Almost nothing pleases me more than going on a fact-checking hunt. When a New Yorker cartoon and/or cartoonist question arises here (as it does almost daily), I turn to a number of sources, many of them an arm’s reach from this laptop (and some on the laptop), as well as the Spill‘s archives (containing all sorts of “stuff”). Also a source: what I’ve learned from the cartoonists themselves over the years in formal interviews and informal conversations. I rely on the books shown below to get the most well-rounded picture of what happened when at The New Yorker, art-wise, cartoon-wise, cartoonist-wise, and sometimes non-cartoons/cartoonist-wise. Also of enormous help are the cartoon collections elsewhere in the Spill‘s headquarters. I showed that wall some years back, and here it is again:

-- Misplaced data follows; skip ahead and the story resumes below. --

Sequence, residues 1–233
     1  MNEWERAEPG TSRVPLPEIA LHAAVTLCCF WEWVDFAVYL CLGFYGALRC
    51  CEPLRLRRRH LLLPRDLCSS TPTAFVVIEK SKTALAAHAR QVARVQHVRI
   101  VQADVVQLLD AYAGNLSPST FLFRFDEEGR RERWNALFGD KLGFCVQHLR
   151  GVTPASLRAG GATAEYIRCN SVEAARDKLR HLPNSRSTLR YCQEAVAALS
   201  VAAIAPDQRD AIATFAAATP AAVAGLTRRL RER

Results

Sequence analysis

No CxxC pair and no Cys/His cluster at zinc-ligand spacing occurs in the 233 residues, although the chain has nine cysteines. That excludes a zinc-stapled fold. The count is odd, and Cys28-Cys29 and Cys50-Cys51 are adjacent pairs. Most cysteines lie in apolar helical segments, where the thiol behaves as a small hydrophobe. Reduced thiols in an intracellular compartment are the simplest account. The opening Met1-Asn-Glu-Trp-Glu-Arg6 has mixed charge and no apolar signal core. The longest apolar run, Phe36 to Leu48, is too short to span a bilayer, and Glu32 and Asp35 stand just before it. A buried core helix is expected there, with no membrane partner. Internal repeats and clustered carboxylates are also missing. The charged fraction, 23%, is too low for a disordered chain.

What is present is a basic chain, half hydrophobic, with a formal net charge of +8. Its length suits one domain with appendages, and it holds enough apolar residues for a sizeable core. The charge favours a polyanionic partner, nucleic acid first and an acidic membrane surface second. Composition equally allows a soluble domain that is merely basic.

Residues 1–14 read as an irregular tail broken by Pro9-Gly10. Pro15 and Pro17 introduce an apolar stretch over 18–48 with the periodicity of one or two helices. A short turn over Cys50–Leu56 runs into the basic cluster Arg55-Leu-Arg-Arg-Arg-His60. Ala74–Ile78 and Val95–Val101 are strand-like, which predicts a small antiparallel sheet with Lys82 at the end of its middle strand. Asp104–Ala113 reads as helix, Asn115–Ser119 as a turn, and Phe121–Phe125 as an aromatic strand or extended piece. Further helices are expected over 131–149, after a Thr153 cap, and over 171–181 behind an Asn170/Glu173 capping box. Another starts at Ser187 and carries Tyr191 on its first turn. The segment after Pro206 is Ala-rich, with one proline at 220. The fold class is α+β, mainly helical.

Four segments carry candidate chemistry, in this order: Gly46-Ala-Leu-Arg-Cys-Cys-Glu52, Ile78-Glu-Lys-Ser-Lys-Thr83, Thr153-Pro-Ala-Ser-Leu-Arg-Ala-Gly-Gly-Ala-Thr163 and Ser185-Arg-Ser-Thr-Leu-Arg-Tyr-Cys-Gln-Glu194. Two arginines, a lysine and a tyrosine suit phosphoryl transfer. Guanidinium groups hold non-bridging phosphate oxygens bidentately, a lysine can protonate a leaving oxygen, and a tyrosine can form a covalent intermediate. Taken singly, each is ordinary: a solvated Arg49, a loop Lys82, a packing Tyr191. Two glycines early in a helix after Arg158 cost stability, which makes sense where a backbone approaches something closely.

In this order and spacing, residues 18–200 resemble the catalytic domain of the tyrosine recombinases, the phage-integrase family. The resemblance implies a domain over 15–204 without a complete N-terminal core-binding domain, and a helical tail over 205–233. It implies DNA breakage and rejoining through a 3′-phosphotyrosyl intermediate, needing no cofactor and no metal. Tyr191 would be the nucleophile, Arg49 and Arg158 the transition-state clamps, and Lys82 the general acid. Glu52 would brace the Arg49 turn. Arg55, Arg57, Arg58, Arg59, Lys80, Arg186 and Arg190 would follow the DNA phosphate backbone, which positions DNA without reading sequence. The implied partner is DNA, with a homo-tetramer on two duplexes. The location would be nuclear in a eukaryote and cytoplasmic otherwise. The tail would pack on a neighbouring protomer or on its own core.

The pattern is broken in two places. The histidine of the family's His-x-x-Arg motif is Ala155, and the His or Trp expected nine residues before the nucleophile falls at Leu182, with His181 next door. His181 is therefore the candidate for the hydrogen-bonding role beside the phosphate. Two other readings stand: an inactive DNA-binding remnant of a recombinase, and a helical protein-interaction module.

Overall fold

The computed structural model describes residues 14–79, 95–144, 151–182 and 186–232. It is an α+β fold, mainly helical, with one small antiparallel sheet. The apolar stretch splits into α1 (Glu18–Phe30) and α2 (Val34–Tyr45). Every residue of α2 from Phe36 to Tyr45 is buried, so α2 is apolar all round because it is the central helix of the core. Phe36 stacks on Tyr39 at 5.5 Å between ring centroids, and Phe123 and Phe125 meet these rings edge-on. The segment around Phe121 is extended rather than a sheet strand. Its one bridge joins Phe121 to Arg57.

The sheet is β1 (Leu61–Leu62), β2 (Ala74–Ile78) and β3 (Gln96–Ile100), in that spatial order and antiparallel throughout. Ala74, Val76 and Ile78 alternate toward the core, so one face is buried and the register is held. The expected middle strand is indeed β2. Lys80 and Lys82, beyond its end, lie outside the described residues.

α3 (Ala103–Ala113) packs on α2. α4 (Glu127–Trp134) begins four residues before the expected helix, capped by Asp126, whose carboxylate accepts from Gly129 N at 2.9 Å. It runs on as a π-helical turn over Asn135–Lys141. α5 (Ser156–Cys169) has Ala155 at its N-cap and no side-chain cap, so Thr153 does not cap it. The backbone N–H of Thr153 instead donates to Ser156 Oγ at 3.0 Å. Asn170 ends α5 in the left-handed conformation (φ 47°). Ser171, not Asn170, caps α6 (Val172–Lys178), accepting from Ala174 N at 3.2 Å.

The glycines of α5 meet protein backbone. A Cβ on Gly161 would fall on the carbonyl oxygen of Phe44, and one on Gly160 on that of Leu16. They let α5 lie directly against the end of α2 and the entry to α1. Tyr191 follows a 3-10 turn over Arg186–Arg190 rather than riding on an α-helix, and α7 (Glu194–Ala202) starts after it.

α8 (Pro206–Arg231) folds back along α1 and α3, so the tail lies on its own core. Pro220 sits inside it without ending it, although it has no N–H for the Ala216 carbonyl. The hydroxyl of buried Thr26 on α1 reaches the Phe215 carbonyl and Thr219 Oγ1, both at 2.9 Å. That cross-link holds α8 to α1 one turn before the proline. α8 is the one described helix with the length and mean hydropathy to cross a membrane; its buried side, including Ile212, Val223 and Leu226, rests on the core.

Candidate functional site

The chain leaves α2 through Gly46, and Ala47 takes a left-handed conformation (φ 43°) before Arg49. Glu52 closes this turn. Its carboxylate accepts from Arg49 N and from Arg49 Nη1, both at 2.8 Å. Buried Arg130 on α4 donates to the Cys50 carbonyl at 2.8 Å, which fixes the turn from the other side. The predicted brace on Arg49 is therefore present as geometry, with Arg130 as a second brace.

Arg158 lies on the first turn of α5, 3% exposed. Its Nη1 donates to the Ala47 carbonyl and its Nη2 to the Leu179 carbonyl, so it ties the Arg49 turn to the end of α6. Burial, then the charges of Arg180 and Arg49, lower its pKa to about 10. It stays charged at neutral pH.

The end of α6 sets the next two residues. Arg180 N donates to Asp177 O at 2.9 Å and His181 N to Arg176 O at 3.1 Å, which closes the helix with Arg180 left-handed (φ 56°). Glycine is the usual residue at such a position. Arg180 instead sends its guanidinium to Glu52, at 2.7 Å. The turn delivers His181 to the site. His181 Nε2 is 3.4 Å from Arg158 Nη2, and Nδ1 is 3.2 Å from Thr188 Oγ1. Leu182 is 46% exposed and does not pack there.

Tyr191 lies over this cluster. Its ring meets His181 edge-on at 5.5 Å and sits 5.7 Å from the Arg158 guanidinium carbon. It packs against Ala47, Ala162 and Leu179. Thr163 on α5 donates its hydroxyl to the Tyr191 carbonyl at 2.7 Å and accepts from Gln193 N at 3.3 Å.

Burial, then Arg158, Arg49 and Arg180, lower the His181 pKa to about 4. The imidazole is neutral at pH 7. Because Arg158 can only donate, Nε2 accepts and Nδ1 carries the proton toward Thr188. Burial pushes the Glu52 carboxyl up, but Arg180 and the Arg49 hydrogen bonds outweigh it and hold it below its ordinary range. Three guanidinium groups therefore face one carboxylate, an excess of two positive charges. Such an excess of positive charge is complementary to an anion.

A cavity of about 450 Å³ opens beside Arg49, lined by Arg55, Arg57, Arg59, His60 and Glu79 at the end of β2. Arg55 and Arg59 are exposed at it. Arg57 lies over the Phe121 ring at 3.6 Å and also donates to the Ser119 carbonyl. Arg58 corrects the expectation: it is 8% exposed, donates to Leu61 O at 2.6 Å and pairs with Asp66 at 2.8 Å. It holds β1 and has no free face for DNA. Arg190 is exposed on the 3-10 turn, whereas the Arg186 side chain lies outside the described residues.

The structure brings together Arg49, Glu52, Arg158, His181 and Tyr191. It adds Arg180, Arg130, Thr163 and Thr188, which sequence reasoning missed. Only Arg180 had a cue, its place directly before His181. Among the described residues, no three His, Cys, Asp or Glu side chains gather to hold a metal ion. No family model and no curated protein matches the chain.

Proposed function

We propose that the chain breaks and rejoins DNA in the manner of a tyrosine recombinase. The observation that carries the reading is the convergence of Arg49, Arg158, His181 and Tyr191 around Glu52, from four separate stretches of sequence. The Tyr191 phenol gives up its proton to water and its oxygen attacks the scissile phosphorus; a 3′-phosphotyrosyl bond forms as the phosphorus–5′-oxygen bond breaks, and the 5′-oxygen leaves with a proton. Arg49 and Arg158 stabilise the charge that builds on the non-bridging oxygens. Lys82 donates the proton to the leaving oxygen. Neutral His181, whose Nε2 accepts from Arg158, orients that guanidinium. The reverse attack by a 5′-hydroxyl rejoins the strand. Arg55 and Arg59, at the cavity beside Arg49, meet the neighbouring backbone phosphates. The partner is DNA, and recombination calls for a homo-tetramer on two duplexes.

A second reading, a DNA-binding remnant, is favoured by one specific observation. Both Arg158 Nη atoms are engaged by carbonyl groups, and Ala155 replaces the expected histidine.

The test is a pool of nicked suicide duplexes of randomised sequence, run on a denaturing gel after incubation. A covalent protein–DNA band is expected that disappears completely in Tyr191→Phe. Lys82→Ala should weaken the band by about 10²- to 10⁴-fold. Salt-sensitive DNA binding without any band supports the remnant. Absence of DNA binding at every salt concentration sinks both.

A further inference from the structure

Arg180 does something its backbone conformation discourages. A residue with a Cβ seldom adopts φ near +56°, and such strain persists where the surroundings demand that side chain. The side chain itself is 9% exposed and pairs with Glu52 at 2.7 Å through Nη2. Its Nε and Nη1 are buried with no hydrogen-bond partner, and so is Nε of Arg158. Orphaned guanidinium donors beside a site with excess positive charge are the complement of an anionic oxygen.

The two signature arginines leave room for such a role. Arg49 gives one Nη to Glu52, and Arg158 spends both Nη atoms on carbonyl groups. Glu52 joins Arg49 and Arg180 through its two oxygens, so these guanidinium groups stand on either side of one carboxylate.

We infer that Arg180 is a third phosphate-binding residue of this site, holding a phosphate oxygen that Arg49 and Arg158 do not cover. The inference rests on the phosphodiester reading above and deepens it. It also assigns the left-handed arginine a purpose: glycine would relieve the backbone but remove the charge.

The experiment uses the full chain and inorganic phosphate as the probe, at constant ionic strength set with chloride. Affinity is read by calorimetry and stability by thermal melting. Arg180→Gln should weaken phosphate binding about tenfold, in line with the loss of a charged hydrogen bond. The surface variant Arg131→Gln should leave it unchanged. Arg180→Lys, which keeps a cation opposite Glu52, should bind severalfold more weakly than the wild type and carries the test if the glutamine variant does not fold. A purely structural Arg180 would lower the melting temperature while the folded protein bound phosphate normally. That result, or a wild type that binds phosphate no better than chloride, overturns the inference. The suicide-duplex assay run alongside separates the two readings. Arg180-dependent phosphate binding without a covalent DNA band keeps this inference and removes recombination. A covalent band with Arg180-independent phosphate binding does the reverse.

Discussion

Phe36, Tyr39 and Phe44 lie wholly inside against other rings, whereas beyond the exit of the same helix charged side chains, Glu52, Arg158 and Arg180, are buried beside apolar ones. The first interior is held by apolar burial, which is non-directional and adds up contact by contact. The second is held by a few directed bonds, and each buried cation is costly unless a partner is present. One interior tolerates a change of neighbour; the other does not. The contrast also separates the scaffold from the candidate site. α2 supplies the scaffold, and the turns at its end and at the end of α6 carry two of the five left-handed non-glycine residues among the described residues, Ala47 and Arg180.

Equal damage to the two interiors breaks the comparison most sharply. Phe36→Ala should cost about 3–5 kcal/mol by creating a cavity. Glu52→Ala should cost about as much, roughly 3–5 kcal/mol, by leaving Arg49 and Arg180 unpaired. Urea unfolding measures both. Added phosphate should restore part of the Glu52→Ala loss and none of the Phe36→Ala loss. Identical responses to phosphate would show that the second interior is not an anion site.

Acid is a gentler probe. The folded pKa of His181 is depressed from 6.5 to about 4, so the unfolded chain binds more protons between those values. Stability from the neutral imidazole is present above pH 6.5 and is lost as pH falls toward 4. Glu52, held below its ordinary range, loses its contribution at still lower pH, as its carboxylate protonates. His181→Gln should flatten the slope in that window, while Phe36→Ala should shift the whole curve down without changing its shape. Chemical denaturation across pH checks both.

What you see below is a different bookcase. It holds the go-to biographies, memoirs, books of letters, etc., etc., ( E.B. White’s section also includes, oddly, a partial collection of his published work; the missing titles are in another spot). If you see a book with library markings (such as the Steinberg biography) don’t worry — those titles were library discards, I didn’t pinch them. You might notice and wonder about the very first book on the left in the first photo:Good Food For Bad Stomachs. It’s there because the New Yorker‘s founder and first editor, Harold Ross wrote the introduction, “Why This Book Was Written.” I should add that a number of source books aren’t shown; they’re around here somewhere.